In vivo BrdU uptake and staining
Mice were injected i.p. with 1.6 mg of BrdU (Sigma, St. Louis, MO) in 200 μl of PBS twice over a 4-h interval. At 42 h after the second injection, spleens were harvested and single-cell suspensions were prepared. Cells were stained with biotinylated anti-CD4 and PE-conjugated anti-CD8 mAbs followed by streptavidin-tricolor as the secondary detection reagent. Cells were then fixed and stained with FITC-conjugated anti-BrdU reagent (Becton Dickinson) according to the protocol described by Tough and Sprent (28).
Assembly of Jak3 transgene constructs and generation of transgenic mouse lines
The effects of Jak3 deficiency are apparent at early stages of T cell development. To restore Jak3 expression in developing thymocytes, we used the lck proximal promoter to drive the expression of transgenes encoding either wild-type or catalytically inactive Jak3. Transgene constructs were assembled by inserting wild-type or mutant forms of the Jak3 cDNA into the p1017 vector (Fig. 1 A, (29)). Transgenic founders were generated and backcrossed with C57BL6 mice through multiple generations to establish independent lines.
Two wild-type transgenic lines with differing levels of transgene expression (designated Tglow and Tghigh) and one mutant transgenic line (TgKE) were bred with the Jak3−/− mice to obtain progeny bearing the Jak3 transgene in the Jak3 wild-type, heterozygous, or homozygous-null genetic background.
We evaluated the levels of Jak3 expression by immunoblotting total cellular lysates with anti-Jak3 antisera. Figure 1 B shows the relative levels of transgene expression in Jak3+/− or Jak3−/− mice. Translational products derived from the transgene locus increased the observed abundance of Jak3 in all three genotypic backgrounds, creating a wide range of Jak3 expression. As expected for transgenes driven by the thymus-specific lck proximal promoter, the levels of reconstituted Jak3 were highest in thymocytes and decreased dramatically in the periphery. This is most evident in Jak3−/− transgenic mice. While transgene-derived Jak3 protein is detectable in splenocytes of the Tghigh line (lane 16), it is no longer detectable in splenocytes of the Tglow line or the TgKE line (lanes 15 and 20). RNA analysis indicated that transcripts from the transgene locus were present at a low level even in splenocytes from Jak3−/−Tglow and Jak−/−TgKE mice, suggesting that a diminished level of transgene product may still be present in the peripheral T cells of these mice (data not shown).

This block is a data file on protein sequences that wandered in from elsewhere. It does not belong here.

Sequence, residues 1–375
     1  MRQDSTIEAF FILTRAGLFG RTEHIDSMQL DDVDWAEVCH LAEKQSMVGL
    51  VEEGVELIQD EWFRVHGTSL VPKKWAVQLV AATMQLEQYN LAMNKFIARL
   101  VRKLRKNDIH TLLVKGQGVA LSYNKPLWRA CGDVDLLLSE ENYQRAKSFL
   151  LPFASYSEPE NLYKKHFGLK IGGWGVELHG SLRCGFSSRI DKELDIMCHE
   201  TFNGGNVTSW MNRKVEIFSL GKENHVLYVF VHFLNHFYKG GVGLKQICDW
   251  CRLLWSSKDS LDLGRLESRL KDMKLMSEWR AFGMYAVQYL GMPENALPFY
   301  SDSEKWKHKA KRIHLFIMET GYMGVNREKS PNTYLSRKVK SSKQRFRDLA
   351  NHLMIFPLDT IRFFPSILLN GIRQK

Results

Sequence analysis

Wild-type, but not catalytically inactive, Jak3 restores T cell numbers